The little studio that could
By CJ Sommerfeld, Staff Writer
Who else’s back aches from the sedentary life COVID has forced upon us? Many of us are now working and schooling from home—a place that offers both a bed and a sofa as office and classroom alternatives. Posture etiquettes are extinguished when these places have become your new place of work and study and that may have just resulted in body pains. Never has there been a better time to scout out a spot to move your body and reverse all the harm Zoom has induced on our bodies. For this reason, I present to you Karma Teachers.
Karma Teachers is a non-profit that was founded in 2011 by a Emerson Lim (who is no longer associated with the company). He opened the space to create somewhere for people to meditate and practice yoga without the financial constraints that usually come with these sorts of places. The spot is located at 45 West Hastings in Vancouver, nestled within the main-DTES drag of debauchery. Up until 2016, it operated on the top floor of a hardwood floor and brick-clad heritage building. During this time, entrance was only accessible through the alley between Hastings and Cordova. In 2016, however, the studio moved downstairs, occupying both the first and second floors. In moving downstairs, the studio acquired a storefront and front door. These changes made the studio less of a clandestine yoga operation and more inviting to the public.
Present-day, the studio still abides by its original objective of extinguishing finances as a barrier between someone and their capability to practice yoga. When the studio opened, a donation box sat at the front desk. Here, yogis could drop in whatever amount they were able to pay. This amount varied from nothing to a loonie, toonie, a fiver—or, if someone was feeling generous and had the means to do so—a twenty, or a fifty. As time progressed, however, the non-profit began offering online punch passes that were accessible to pre-purchase online. To curb the spread of COVID, the donation box has since been put in the closet and will probably remain there until this global pandemic passes.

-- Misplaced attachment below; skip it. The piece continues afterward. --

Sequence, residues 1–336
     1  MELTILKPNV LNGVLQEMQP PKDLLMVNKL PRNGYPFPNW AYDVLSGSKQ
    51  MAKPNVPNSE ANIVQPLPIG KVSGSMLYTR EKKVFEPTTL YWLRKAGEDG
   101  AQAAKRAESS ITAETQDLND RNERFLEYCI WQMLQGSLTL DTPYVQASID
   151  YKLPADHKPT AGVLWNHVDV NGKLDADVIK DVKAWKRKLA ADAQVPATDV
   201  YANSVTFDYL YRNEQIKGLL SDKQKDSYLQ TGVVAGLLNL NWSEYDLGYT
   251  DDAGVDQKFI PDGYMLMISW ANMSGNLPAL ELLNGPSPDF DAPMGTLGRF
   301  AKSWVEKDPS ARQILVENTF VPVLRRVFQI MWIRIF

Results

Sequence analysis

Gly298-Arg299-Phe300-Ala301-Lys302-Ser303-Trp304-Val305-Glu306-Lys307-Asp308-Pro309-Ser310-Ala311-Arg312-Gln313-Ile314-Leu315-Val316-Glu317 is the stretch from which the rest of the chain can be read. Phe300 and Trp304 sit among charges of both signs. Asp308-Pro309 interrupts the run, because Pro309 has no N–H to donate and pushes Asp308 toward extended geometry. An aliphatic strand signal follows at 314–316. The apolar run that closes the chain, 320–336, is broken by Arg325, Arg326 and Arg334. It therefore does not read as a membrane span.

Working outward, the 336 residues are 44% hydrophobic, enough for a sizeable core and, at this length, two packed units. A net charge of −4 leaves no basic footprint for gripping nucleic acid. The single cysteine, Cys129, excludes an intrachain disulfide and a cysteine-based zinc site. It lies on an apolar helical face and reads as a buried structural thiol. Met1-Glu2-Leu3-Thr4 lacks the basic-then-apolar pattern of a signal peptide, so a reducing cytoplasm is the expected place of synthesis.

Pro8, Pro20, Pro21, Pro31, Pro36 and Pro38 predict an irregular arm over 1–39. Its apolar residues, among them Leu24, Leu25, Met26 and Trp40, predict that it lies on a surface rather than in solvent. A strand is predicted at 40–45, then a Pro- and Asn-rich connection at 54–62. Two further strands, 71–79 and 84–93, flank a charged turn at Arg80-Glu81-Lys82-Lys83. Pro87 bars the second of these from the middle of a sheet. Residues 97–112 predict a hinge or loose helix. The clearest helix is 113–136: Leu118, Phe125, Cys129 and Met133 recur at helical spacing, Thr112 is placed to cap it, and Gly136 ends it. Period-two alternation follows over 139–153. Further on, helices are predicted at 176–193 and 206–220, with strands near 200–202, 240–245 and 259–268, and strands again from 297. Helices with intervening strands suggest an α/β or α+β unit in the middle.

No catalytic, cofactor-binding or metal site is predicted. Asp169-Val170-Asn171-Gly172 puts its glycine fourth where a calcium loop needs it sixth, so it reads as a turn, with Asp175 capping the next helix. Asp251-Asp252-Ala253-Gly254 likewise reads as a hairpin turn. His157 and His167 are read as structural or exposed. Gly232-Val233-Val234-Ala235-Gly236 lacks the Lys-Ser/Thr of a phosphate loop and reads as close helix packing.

Inclusion through the application of by-donation yoga is only the tip of the iceberg of what makes this space so great. Nearly the entire hierarchy of those who run the studio are volunteers. There is an exchange program where yogis exchange volunteer hours—both reception and cleaning the studio for free or reduced yoga and teacher training. Many people also volunteer at Karma Teachers simply to be a part of the space’s community. This coterie is comprised of a multicultural hodgepodge of yogis and non-yogis. An individual does not need any previous yoga experience before entering the studio’s doors to be welcomed in.
One thing that had stuck out to me when I began going to Karma Teachers in 2014 was something that different teachers would repeat. Each teacher would suggest that the students keep an eye on their mats—to even practice with their eyes closed if they felt so inclined. In doing this, we would not compare ourselves to others, nor would we feel like we were being judged. This was something that made Karma Teachers stand out from some of the other, may I say, prototypically bougie yoga spots in Vancouver.
Karma Teachers was one of the first yoga spots to re-open in Vancouver after the city had shut down due to COVID. It is open, however, it is different compared to before. Yogis and non-yogis alike need to book their class before showing up at the studio, as now, only 11 people can attend a class! As well, bringing one’s mat is a thing of the past! While mats and blocks have always been supplied at the studio, it is now mandatory to use these instead of one’s own.
This studio has progressed [greatly] from where it started as a top floor meditation space and spot to practice yoga. While it still leads guided meditations, Yin, Hatha, and Vinyasa classes. Karma Teachers now offers 200- and 300-hour teacher training, Ayurveda and anatomy training, full moon women circles, booty workshops, and more.
Karma Teachers is the inclusive, modern-day yoga studio embodiment of the do-all Renaissance man. So, whether you have contorted your body into Astavakrasana, Utkata Konasana or Dwi Pada Sirsasana… or even can merely pronounce such poses, why not give it a try?